I am currently an intern at Third Wave Foundation, and this is a continuation of my reflections after reading through 2010 end of year grant reports. All of the groups funded by Third Wave are doing groundbreaking and inspirational things. But I was also struck by the kinds of challenges Third Wave's grant partners are facing. To me, these challenges are significant because they represent the fact that grant partners are doing truly revolutionary, as opposed to popular, work. This lack of "popularity" also underscores the necessity of Third Wave's support, since funding for many of these issues and approaches is hard to come by. One challenge is public perception of issues related to sex and gender, as well as the way these issues are (or are not) represented in the media. St. James Infirmary tried to get their media campaign posted on billboards and was turned down by CBS Outdoor and Clear Channel because the use of the words “sex work” and “sex worker” was deemed “not family friendly.” Different Avenues also reports that they have to stay away from mentioning “sex work” when interacting with many funders. This also seems to be an issue with many of our groups fighting to bring comprehensive sexual education into schools. Conservative school boards have put up many barriers, leaving our grant partners frustrated. Another challenge is navigating the changing fads in philanthropy. Because some issues are hot topics, it is easier for them to get funding. Meanwhile, other equally important issues get overlooked. For instance, many funders are more interested in boys in the system than in girls in the system. This means they don't want to invest in groups like Different Avenues. Young Women’s Empowerment Project reports being approached by those who have caught onto the anti-trafficking fad and want to speak with “trafficked victims.” They have difficulty expressing how the trafficking framework does not feel relevant for most of the girls who are a part of YWEP. Rather, “Girls Do What They Have to Do to Survive,” according to the title of their report on the participatory action research they did with street youth in Chicago. Within the context of prison reform, Justice Now reports on the realignment movement in California and the push for “gender responsive prison reforms.” At first glance, these proposed changes may appear to be improvements. They are certainly getting plenty of support. But Justice Now explains how they are, in fact, a regression. They are fighting for substantial changes to make the prison system more humane and for a movement towards decarceration. Third Wave grant partners tend to look at issues of reproductive health and justice as they affect and are relevant to under-served communities. It can be a challenge for them to appeal to funders working within a mainstream reproductive rights framework (which can seem focused on providing white women with access to abortions). This framework tends to ignore the ways in which gender, class, and racial privileges intersect. Choice USA, the Chicago Abortion Fund, SPARK Reproductive Justice Now, and New Voices Pittsburgh, are all fighting for a woman’s right to choose and for access to safe, empowering, and affordable reproductive healthcare. New Voices Pittsburgh organized Pennsylvanians to rally against Senate Bill 732, the Health Care Facilities Act, which would close almost all free-standing or non-hospital affiliated clinics in Pennsylvania. Despite their success as an organization, they report "resistance to our leadership as young women of color"(NVP 2010 report). These groups recognize that the reproductive rights of people of color are especially under attack. For example, over the past few year, anti-choice billboards around the country have been equating a black woman’s decision not to have a child with the genocide of black people. Recently, there have been similar billboards aimed at Latina women. SPARK, Chicago Abortion Fund, and local chapters of Choice USA (at University of Georgia and University of Missouri) have all mobilized against this assault on women of color. Meanwhile, groups such as COLOR and Kalpulli Izkalli report that many of their constituents are very religious, and have views about abortions that differ from the views of many others fighting for reproductive health and justice. They face the challenge of understanding this fight in different ideological contexts. COLOR reports: “The conservative religious sentiment in the community drives people to ask how we manage to navigate the relationship between strong cultural religion and reproductive freedoms”(COLOR 2010 report). Kalpulli Izkalli has found it necessary to separate the polarizing issue of “abortion” from the broader issues of reproductive justice, such as reproductive healthcare access. Working from another angle, Young Women United is supporting young parents, recognizing their accomplishments and expertise, and fighting the stigmatization of teen parenting. All of these groups are negotiating what may seem from the outside to be ideological incompatibilities, and challenging the idea that reproductive justice means only “abortion.” They are working to forward reproductive health and justice in a way that makes sense within their communities, leaving constituents informed and empowered to make the decisions that feel right for them. To me, the very fact that our grant partners are running up against these kinds of obstacles to their work is a sign that they are doing something right. It also reinforces my appreciation of Third Wave as a grantmaker. Third Wave seeks out those doing crucial work, even if it is "unpopular," and especially when other sources of funding are hard to access.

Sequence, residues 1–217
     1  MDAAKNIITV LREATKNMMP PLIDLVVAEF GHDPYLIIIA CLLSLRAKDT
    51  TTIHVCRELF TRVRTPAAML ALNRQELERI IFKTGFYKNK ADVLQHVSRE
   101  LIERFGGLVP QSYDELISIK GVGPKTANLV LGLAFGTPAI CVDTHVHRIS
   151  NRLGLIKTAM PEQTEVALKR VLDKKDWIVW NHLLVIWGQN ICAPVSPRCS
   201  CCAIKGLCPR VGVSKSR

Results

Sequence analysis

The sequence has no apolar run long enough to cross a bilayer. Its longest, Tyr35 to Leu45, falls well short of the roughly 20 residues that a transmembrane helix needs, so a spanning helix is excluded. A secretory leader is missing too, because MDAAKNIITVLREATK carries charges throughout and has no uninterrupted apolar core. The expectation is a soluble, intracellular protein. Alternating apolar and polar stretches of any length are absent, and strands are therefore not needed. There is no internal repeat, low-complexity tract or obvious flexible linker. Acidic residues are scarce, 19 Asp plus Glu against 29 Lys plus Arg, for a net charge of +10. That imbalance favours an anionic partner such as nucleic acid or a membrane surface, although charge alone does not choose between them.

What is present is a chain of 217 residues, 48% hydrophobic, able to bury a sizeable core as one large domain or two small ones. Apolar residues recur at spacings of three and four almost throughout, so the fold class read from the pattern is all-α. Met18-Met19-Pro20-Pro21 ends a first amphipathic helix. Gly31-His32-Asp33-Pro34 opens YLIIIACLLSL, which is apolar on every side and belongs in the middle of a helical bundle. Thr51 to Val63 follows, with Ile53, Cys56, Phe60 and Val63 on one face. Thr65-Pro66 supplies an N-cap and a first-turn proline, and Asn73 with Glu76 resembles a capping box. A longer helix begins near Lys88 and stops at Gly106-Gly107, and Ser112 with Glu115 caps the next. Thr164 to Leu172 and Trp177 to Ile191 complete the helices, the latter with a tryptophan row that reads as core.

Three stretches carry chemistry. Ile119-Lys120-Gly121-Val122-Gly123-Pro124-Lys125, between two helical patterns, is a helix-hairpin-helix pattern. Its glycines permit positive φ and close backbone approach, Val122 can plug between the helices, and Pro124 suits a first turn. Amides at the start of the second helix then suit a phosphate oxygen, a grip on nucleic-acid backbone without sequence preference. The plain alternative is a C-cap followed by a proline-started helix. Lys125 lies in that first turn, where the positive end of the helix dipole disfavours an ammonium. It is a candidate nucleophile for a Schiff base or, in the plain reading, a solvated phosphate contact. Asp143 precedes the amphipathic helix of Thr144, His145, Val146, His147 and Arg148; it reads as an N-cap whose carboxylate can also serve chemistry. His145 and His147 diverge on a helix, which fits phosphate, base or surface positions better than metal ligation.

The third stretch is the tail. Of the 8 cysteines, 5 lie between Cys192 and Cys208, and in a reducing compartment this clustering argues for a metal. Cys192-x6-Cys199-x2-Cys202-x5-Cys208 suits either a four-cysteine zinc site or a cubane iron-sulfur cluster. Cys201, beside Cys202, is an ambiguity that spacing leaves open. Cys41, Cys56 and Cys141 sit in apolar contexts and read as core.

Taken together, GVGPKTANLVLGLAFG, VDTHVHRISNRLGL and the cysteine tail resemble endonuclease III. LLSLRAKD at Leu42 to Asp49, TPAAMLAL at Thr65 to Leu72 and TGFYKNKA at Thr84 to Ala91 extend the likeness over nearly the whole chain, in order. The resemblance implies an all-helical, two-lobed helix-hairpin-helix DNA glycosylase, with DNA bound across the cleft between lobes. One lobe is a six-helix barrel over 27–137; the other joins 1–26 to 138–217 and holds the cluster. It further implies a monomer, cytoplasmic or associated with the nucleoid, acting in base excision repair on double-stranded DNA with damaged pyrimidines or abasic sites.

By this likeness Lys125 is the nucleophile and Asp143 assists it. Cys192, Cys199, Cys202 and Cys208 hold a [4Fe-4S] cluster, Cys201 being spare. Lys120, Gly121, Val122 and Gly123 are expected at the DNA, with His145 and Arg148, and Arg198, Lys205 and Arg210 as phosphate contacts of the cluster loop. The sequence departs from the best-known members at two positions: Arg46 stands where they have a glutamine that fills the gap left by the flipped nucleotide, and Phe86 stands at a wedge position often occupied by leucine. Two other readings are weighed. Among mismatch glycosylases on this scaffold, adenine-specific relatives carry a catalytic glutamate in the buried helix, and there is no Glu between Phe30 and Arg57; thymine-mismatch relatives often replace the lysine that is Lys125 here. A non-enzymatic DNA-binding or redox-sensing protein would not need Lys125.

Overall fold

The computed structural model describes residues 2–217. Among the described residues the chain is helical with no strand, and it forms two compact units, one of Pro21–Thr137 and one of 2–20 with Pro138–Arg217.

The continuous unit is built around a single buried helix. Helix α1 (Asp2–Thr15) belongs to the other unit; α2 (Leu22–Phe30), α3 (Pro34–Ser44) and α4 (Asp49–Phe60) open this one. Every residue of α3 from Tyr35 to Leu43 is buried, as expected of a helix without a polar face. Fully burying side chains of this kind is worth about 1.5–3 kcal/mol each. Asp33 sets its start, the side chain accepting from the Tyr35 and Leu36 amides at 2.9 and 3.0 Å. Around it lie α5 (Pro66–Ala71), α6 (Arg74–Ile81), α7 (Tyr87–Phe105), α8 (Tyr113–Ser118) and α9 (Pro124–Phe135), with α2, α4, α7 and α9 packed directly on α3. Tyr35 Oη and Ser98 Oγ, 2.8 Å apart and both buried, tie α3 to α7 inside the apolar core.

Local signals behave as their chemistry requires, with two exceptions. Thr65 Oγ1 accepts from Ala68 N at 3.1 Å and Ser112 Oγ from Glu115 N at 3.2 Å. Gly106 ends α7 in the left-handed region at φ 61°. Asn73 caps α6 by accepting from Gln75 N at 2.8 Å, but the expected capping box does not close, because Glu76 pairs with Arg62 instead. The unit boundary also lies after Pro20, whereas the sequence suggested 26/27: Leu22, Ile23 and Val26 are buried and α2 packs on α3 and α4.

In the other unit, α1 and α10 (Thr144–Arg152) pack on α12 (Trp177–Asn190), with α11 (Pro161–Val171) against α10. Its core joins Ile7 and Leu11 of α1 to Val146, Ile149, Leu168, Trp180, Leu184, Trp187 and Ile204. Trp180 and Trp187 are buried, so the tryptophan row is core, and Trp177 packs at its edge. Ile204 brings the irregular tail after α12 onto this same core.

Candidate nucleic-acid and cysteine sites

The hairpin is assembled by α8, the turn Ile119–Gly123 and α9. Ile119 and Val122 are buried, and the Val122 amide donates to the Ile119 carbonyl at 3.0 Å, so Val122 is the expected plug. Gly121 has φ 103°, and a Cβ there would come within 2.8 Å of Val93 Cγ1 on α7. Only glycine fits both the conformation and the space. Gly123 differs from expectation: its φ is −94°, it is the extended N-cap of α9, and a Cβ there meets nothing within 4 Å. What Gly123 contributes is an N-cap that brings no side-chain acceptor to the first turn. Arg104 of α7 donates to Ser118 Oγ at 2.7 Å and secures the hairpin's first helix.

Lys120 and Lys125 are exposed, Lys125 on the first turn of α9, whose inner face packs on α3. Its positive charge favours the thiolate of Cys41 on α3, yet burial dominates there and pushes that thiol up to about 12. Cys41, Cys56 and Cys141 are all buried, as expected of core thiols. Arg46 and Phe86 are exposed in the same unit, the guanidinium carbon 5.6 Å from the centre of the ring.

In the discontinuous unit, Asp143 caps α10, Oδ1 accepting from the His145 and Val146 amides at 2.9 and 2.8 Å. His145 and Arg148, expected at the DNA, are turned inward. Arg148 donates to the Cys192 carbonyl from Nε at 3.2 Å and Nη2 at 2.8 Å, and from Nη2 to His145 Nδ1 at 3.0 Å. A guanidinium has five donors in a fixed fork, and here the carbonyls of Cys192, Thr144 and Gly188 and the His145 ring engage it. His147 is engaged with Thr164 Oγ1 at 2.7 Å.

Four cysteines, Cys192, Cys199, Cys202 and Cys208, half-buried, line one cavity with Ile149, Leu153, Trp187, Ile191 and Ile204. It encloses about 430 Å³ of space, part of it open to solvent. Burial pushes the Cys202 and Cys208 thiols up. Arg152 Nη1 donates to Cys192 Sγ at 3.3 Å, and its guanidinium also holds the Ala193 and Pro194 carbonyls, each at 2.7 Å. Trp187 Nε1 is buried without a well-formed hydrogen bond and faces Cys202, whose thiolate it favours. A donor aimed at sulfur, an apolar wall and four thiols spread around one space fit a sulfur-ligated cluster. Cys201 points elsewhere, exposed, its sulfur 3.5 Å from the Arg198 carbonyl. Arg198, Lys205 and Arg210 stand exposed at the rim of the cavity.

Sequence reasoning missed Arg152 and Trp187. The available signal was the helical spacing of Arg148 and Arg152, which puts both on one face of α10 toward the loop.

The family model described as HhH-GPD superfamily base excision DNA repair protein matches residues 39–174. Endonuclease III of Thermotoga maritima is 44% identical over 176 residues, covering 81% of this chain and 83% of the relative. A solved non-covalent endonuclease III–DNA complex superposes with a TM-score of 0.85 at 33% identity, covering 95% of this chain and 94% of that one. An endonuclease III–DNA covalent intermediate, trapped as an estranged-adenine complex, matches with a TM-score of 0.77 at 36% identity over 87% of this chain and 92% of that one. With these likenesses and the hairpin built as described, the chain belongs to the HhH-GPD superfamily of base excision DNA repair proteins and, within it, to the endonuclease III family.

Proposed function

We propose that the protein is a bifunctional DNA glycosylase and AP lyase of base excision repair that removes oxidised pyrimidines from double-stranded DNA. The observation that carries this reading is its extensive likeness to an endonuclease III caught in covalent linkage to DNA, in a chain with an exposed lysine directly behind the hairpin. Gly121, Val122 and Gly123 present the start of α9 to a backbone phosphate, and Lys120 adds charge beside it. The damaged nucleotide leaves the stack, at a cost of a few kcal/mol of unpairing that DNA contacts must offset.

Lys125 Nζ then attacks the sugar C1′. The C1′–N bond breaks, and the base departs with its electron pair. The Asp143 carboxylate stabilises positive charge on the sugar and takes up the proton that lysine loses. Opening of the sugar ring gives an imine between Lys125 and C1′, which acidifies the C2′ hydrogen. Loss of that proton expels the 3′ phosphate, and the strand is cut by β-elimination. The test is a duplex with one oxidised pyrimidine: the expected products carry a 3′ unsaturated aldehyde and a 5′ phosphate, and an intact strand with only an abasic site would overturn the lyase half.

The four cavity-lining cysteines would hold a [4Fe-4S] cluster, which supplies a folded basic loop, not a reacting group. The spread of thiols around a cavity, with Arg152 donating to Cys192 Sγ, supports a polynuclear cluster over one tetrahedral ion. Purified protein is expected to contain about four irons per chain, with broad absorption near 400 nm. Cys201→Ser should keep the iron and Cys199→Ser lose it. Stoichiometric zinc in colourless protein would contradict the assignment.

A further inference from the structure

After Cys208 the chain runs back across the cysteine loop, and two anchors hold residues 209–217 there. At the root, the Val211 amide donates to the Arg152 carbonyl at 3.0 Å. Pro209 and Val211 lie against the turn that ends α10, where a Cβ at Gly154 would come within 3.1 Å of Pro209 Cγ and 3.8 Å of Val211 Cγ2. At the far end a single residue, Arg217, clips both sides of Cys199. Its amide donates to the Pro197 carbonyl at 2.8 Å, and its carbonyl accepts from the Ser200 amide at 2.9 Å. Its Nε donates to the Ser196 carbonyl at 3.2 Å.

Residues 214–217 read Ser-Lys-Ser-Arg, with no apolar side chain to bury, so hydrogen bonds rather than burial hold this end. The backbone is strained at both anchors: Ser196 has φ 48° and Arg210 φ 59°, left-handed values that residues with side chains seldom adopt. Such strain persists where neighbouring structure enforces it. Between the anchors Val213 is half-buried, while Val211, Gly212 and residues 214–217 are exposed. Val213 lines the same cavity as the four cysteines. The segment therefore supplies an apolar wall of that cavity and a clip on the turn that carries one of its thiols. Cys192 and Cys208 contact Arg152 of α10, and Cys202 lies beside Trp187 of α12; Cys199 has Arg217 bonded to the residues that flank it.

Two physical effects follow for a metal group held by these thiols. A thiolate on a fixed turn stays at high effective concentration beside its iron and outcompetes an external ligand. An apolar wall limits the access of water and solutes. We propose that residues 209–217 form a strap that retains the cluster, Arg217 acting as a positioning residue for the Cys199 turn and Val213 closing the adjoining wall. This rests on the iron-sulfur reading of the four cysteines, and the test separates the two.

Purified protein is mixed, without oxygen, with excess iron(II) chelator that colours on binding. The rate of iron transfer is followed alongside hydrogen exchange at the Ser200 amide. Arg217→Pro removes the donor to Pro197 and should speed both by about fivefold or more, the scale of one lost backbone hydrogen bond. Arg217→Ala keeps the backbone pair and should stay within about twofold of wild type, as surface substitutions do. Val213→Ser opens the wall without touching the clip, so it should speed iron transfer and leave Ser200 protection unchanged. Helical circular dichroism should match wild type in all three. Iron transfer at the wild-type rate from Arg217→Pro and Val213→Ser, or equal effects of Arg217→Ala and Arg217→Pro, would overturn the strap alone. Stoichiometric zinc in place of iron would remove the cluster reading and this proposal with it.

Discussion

Posted in: Blog, Chicago Abortion Fund, COLOR, Comprehensive Sex Ed, Different Avenues, Grant Partners, Media, New Voices Pittsburgh, Organizing & Advocacy, Reproductive Justice, SPARK, St. James Infirmary, Young Women United, Youth Organizing, YWEP
August 4, 2010
I say "this is Em from CAF, that's C-A-F, calling about your procedure in (month)" and it can take a minute- I like to wait for the moment of remembrance before I go on, just in case. Sometimes they get terse once the realize who it is. Sometimes they get excited. Most times, they just don't know what to expect. I don't blame them. Most of the women we help are used to uncaring workers or ridiculously bureaucratic government processes that aim to get them out of programs, not really to help them.